Advice to Executives: Practice Incompetence!
Twice in the same day last week, clients told me that they felt they needed to “get out of the weeds” and “focus on more strategic issues.”
So, what stops them? We have all heard the justifications:
• “I need to make sure that what we deliver is right.”
• “I know this material so much better than my team, it will take much longer for them to do it.”
• “My team is already so overworked, I don’t want to overburden them.”
• “I was given the materials at the last minute, so I only had enough time to make the edits myself.”
Take Dan, for example. He had recently been promoted from a role he had held for several years, with a team of about 30. As a result of his successes, he was promoted to run a team of about 300, responsible for essential aspects of a global sales force. He sought me out because he was overwhelmed, and frustrating his new team members, because he wanted so much detail. Similarly, a general manager of a $300MM business, was considering promoting Erin, the head of logistics, to the head of global operations. However, the promotion kept getting delayed, because Erin was so personally involved in problem-solving that she tended to jump and tended to jump in to solve problems because she was so immersed in the specifics of a situation. The GM was worried Erin would not be able to handle the volume of work in the new role.
For people like Dan and Sandy, their deep subject matter knowledge and technical expertise has made them, and their teams, successful. Both could provide direction and advice for their team members, and were valued by their managers and colleagues as experts. Their depth of knowledge, however, began to get in the way. Sometimes, they become a bottleneck, as they had to approve or review everything. Other times, team members did not give 100%, because they assume that their work will was going to be edited or revised by their boss, regardless of what they did. Moreover, their managers weren’t getting Dan’s or Sandy’s attention at the level needed; neither could see the forest for the trees.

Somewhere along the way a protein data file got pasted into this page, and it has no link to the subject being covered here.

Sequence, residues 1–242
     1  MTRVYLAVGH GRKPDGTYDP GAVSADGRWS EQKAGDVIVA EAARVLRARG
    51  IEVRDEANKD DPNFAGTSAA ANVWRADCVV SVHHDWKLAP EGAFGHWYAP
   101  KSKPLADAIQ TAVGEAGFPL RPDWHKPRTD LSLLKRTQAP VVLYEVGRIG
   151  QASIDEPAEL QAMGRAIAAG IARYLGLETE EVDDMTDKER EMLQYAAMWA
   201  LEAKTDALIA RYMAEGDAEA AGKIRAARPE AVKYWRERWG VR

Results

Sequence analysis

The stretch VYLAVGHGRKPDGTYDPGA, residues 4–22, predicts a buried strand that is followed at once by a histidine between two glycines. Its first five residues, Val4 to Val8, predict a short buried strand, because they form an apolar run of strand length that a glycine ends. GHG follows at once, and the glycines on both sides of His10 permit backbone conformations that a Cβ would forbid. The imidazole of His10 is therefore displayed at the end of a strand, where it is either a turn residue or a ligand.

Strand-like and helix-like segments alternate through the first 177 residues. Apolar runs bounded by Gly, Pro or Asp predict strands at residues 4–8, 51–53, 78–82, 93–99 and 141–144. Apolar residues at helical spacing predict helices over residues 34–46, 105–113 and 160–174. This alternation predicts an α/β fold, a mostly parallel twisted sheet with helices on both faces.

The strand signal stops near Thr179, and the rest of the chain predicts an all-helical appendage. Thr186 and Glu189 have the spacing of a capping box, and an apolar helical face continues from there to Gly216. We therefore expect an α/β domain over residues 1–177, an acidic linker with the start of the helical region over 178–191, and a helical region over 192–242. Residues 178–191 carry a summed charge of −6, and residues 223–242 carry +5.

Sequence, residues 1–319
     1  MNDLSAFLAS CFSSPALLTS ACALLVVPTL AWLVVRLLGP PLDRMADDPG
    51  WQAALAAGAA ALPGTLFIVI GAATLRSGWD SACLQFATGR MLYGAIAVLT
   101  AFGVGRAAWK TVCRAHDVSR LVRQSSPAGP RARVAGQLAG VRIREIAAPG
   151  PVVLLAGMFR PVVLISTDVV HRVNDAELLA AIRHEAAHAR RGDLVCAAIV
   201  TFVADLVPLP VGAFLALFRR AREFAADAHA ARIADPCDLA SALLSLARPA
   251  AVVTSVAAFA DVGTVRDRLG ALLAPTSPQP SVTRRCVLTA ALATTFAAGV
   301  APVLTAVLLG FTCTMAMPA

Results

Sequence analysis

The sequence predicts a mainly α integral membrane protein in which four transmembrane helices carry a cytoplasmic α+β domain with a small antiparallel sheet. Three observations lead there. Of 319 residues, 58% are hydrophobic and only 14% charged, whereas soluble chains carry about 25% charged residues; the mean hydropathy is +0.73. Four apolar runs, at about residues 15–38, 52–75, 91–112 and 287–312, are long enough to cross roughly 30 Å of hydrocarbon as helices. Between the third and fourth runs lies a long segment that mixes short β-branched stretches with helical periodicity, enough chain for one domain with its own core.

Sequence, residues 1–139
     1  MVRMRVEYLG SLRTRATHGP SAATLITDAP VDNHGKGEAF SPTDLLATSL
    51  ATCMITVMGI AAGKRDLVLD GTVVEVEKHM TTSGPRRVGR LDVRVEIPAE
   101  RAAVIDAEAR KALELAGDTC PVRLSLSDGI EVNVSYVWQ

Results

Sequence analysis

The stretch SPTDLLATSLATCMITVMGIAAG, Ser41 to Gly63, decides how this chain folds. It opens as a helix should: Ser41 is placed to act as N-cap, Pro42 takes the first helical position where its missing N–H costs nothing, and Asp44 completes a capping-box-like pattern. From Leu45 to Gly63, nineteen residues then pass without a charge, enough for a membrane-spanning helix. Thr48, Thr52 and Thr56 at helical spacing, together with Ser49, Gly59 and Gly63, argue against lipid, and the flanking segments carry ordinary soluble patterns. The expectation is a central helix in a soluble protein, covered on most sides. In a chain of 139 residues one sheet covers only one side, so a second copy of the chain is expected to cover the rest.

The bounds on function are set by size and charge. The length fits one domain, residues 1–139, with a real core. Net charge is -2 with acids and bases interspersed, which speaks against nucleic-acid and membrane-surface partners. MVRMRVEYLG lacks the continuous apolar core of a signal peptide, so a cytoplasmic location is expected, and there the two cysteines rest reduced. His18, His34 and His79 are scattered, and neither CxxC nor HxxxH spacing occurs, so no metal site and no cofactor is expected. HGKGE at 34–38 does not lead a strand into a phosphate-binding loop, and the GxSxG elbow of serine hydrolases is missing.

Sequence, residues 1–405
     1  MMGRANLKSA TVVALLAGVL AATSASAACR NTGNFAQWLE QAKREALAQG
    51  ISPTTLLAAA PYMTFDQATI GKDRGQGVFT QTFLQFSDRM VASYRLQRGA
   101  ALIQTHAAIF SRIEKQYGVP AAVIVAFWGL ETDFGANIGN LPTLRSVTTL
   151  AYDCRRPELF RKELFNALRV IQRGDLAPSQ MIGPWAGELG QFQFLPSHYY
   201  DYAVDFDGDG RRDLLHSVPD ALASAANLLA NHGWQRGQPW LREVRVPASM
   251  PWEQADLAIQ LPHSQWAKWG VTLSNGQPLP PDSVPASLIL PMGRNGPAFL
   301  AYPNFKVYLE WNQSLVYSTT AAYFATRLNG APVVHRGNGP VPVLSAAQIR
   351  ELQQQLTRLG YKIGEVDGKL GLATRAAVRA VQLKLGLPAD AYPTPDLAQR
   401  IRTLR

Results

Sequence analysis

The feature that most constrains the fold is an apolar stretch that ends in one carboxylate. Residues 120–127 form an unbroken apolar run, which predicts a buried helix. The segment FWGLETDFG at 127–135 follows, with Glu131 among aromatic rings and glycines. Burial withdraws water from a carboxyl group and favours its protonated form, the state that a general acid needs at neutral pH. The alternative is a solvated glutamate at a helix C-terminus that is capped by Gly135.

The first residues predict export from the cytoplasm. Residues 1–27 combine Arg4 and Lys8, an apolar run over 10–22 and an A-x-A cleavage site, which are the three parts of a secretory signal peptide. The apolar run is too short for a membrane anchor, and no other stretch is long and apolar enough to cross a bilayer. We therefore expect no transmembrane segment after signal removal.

How do you make sure that you have the time to think strategically and contribute at the higher levels you need to support your manager and develop your own career? The question is not whether you are in the weeds or are thinking strategically. The real question is, how do you both make sure the details are right, and see the bigger picture? How do you both ensure the work is right, and help your team members develop capability and autonomy?
The solution is simple: Practice being incompetent. Stop being the most skilled person on the team. Do not be the expert marketer, or the brilliant finance director. Even if you know the right answer, pretend that you do not. Even if you have more information, context or experience than your people, forget that. Once you do, you will have to push your team to get those answers, and they will then have to solve those problems themselves. When a team member gives you a deck that is only 70% of what you need, send it back for a revision. When you get a proposal with holes in it, ask questions that will highlight the gaps, and send it back. Plan your schedule so that you get materials for review with enough time to revise if needed. Hold your people accountable for the work they do, and give them the responsibility and the autonomy to get it right. This will help you grow, and help them grow as well.
So let me ask you: How do you get out of the weeds? What tricks have you learned to help you balance your focus between the operational details and the strategic demands of your job? Please post some ideas as to how you are able to make that shift! How do you do that, and still maintain sufficient understanding to be confident the business is going in the right direction?